Expedited Trials and Expert Witness Testimony
As operating budgets are cuts and courts are forced to shorten the working day, several state court systems have enacted voluntary “expedited trial” proceedings allowing both sides to limit the expenses associated with trial. Other states are currently considering both voluntary and involuntary expedited trials processes. Although each state has its own set of rules, all programs limit witness testimony.
Expert Witness Testimony Limits
The limitation of witness testimony can be a double edged sword. On the one hand, witness testimony takes a large chunk of time in each trial, on the other, witnesses offer invaluable information about what happened and who may be responsible. Expert witnesses add another layer the civil litigation process as they are able to offer evidence beyond what they saw or did. They provide clarification on complex issues, explain medical procedures and help the jury truly understand what occurred.
In California, participation in expedited trials are voluntary and limited to 3 hours per side and each side is limited to the use of one expert witness unless there is an agreement to allow additional testimony. This limitation becomes an important consideration for attorneys who wish to use the expedited trial process as an expedited trial will get their case through the system quicker but may not allow adequate expert testimony.
In Minnesota, expedited trials are also limited to the testimony of one expert witness unless the magistrate judge orders additional witness testimony or the parties agree to additional experts.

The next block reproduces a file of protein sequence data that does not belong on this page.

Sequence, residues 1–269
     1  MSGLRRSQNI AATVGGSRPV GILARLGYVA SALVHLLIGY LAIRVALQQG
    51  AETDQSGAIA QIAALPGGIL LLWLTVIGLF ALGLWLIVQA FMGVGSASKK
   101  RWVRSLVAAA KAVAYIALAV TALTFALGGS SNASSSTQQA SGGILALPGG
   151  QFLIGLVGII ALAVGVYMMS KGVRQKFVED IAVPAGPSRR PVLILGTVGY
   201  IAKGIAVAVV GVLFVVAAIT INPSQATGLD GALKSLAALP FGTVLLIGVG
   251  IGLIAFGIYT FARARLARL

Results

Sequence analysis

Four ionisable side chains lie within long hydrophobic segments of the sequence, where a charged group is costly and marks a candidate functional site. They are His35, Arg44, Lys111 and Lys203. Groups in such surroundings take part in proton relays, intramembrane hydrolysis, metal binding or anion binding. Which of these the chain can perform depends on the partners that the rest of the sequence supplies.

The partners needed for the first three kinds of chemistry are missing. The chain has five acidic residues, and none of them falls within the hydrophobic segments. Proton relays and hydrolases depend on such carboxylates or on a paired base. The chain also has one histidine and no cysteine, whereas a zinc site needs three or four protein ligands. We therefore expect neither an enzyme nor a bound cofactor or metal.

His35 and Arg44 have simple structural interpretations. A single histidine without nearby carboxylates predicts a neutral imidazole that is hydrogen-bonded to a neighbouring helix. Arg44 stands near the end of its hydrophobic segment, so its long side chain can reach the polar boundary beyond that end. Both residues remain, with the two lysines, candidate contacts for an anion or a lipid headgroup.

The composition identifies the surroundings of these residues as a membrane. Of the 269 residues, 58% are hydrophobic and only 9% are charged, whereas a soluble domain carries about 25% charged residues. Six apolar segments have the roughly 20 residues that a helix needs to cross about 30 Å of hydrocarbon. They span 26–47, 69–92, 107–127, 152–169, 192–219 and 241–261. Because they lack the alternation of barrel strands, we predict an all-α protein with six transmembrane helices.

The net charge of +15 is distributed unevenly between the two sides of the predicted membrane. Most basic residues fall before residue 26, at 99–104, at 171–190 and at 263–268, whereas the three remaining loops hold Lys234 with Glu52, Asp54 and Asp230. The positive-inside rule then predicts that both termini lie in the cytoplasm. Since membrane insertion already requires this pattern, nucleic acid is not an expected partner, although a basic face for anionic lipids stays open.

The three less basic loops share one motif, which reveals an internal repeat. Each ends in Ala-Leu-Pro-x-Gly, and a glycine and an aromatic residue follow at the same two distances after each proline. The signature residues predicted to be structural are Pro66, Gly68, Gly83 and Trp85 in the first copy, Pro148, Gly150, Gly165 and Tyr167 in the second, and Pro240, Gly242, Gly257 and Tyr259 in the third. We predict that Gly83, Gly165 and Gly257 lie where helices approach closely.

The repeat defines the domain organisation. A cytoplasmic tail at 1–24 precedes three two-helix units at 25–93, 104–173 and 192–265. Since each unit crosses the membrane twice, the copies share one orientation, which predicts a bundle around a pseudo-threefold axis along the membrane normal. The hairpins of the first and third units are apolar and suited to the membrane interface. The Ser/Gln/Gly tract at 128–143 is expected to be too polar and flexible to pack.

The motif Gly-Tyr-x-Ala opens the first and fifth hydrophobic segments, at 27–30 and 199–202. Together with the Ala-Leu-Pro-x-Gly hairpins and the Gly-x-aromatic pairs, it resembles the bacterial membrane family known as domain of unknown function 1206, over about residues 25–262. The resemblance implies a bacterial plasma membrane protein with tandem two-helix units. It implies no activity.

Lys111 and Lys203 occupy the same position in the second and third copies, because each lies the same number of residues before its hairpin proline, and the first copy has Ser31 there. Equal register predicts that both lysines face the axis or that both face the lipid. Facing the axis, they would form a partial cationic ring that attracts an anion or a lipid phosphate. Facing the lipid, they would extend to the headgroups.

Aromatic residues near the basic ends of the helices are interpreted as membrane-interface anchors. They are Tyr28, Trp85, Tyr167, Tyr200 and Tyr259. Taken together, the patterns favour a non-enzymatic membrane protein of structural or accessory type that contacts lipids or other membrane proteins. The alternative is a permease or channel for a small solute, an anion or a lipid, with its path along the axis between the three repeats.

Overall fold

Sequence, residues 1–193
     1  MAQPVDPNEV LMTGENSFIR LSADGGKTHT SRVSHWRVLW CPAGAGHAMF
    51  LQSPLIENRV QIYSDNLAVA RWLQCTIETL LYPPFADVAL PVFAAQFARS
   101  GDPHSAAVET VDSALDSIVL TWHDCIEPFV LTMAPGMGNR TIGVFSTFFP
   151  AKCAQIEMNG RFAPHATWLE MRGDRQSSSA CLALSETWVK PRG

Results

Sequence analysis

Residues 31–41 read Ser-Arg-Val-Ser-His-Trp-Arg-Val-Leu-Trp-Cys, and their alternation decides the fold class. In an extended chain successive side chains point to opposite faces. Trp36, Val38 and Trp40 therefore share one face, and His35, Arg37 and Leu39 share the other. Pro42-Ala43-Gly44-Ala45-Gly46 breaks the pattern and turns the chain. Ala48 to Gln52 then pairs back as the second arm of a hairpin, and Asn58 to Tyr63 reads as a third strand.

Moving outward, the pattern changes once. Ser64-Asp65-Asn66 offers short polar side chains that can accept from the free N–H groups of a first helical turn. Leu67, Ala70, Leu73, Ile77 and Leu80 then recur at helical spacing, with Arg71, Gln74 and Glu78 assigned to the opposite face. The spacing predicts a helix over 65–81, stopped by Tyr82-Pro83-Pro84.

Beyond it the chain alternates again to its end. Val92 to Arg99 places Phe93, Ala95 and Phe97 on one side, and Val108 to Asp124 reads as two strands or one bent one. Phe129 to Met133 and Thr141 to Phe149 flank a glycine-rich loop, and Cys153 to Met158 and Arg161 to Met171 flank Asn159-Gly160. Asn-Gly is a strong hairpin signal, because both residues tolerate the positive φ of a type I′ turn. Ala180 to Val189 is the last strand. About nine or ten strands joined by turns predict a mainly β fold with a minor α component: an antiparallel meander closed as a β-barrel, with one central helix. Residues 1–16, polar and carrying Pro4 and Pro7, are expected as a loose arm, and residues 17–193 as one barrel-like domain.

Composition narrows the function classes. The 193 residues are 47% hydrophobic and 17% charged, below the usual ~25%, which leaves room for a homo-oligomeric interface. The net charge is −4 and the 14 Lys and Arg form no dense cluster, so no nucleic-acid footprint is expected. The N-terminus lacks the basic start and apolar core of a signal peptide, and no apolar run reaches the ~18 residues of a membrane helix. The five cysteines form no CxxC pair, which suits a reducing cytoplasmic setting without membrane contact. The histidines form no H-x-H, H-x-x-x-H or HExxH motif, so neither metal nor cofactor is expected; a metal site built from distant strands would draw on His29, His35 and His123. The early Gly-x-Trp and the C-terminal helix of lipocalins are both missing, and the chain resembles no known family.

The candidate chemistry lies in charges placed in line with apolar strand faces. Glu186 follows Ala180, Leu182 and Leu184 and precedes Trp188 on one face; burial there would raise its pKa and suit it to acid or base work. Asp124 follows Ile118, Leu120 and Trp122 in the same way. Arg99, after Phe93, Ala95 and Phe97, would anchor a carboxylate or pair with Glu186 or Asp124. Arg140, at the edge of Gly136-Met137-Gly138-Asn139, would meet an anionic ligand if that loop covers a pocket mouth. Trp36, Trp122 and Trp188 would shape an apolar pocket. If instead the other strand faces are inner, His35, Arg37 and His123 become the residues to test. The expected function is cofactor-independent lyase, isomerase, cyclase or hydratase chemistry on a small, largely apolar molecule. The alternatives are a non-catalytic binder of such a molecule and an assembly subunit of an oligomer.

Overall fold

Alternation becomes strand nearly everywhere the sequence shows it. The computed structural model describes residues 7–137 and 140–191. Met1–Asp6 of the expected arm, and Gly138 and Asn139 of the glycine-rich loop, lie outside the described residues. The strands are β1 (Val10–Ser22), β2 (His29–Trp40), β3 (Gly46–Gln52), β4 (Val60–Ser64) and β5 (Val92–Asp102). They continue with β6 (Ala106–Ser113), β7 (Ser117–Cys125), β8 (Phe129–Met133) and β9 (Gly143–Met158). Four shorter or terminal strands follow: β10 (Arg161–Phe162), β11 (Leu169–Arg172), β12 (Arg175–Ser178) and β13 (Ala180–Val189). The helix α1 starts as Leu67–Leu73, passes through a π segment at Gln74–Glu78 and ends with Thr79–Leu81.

In Oregon, expedited trials are also voluntary and cases are tried in front of a 6 person jury. Interestingly, expert witness testimony must be disclosed 25 days before the trial by way of an expert witness report.
Texas recently implemented an expedited trial rule which will go into effect March 1, 2013. And Utah is considering using expedited trials. The full extent of these regulations remains to be seen, but it is safe to assume that expert witness testimony will be affected by the expedited trials.
As an attorney considering an expedited trial it is important to consider the testimony limits the expedited trial may pose. Ask yourself whether one expert witness is enough and if you can present your case in the time allotted.
By: Mary Wenzel, J.D.